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Poison - Bridget Zinn Review originally posted on Bibliophilia, Please.

You know that feeling you get sometimes when you start a book, that it will be impossible to put down? My friends, Poison was just that. The world-building was rich, the characters were lovable, and the writing was perfect for readers of all ages.

Kyra was one of the Master Trio of Potioners, and a highly respected citizen of the Kingdom of Mohr. Princess Ariana, the heir to the throne, is her best friend and the reason that she is on the run. Apparently it is frowned upon to try to murder a princess, even if she's your best friend. The story begins three months after the attempted assasination with Kyra starving and desperate. She is willing to do whatever it takes to kill Ariana because she thinks that she will save the kingdom by doing so. She's also one of those characters that wants to protect everyone she loves, and while doing that, closes everyone out. Yes, Kyra is a person guilty of the whole "I'm doing it to keep you safe" silliness. She also believes in doing what she thinks is the right thing, even at a personal cost. Kyra does end up growing a lot in Poison.

As much as I loved Kyra (which is a lot), there was still enough of my heart to spread around to other characters. Fred was a good-natured, handsome young man that Kyra met on the run. From him she learned how important it was to be responsible to the people who care about her and to not close herself off from them. Rosie was a Katzenheim pig (which is a punchline for a joke in Mohr), who came to Kyra from Arlo, the King of Criminals. Rosie was the key to finding the hidden away Princess Ariana and - let's just face it - adorable. I almost want a pet pig myself now. (Almost.) As for Princess Ariana, she is not a typical princess, and I probably would be friends with her myself. She won me over wtih the underwear that she made "Kitty" (her nickname for Kyra) for her birthday. Ariana knows that "Kitty" takes herself too seriously and can't resist tweaking her nose a little from time to time. Trust me when I say the book is worth reading for how that plays out alone. It's still awesome on other levels, but that... *snickers*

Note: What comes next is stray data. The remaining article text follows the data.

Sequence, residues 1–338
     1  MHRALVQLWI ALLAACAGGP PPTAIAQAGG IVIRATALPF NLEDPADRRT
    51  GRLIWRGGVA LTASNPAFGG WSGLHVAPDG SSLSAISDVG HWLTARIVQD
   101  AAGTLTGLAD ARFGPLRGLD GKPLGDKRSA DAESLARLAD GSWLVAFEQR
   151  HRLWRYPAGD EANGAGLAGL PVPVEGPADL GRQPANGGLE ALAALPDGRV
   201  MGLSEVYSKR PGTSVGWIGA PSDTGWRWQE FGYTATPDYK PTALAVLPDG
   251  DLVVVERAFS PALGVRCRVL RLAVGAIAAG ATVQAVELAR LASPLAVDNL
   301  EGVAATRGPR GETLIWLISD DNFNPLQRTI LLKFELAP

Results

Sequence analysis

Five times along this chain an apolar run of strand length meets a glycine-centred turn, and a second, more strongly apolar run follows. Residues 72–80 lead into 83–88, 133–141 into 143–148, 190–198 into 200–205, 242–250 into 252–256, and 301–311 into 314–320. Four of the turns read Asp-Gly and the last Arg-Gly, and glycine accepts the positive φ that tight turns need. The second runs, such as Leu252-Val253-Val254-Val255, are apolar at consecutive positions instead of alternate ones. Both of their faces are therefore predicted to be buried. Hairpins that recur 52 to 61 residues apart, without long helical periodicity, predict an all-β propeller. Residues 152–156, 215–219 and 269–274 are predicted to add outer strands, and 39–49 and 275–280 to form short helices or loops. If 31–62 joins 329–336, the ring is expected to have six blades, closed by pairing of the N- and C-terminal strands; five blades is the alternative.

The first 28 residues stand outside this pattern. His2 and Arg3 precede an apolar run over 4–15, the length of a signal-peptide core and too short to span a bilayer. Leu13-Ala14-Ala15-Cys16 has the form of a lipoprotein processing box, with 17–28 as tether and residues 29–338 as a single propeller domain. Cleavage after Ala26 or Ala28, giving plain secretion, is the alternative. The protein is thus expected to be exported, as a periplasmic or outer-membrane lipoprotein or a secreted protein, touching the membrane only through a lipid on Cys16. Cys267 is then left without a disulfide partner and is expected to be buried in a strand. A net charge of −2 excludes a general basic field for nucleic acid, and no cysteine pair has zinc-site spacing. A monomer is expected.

The world-building in Poison is sound, but fairly typical of humorous fantasy adventures. There is almost always going to be the serious character who gets zinged by his/her funnier companions. Blunders, trouble, and other silliness will happen, and it will be a lot of fun. (It did in Poison, and it was.) Where the book surprised me though was with some of the twists. I did not see what I thought of as the main one coming (you can email if you want to know which one I'm talking about) because it never occurred to me to be expecting one. This is a trick that most authors' use only results in me being pissed at their shenanigans, but Zinn was successful in pleasing me and making my jaw drop a little. (It is a rare thing to surprise me in a book.) There was no sleight of hand or trickery - just really good writing.

The pacing of Poison is fast. The book grabbed me and did not let go until I finished. Or vice versa. I kept wanting more and more out of the story and had loads of questions - why did Kyra try to kill Ariana? who was Kyra engaged to? Why was that pig so damn cute? With each answer, I wanted to know even more. I could not step away from this novel until I was done. I'm already considering a reread because I made my journey with Kyra much too quickly.

Poison is a fantastic YA debut that I think will be around for many years to come. The book is a great crossover for middle grade, as well as adult readers. It is a funny, smart, and fast-paced novel that I plan on putting into everyone's hands. I recommend that you go find yourself a copy of this book immediately.

To satisfy FTC guidelines, I am disclosing that I received a copy of the book from the publisher in exchange for an honest review. It has in no way affected the outcome. All opinions expressed are rambling, honest, and completely my own.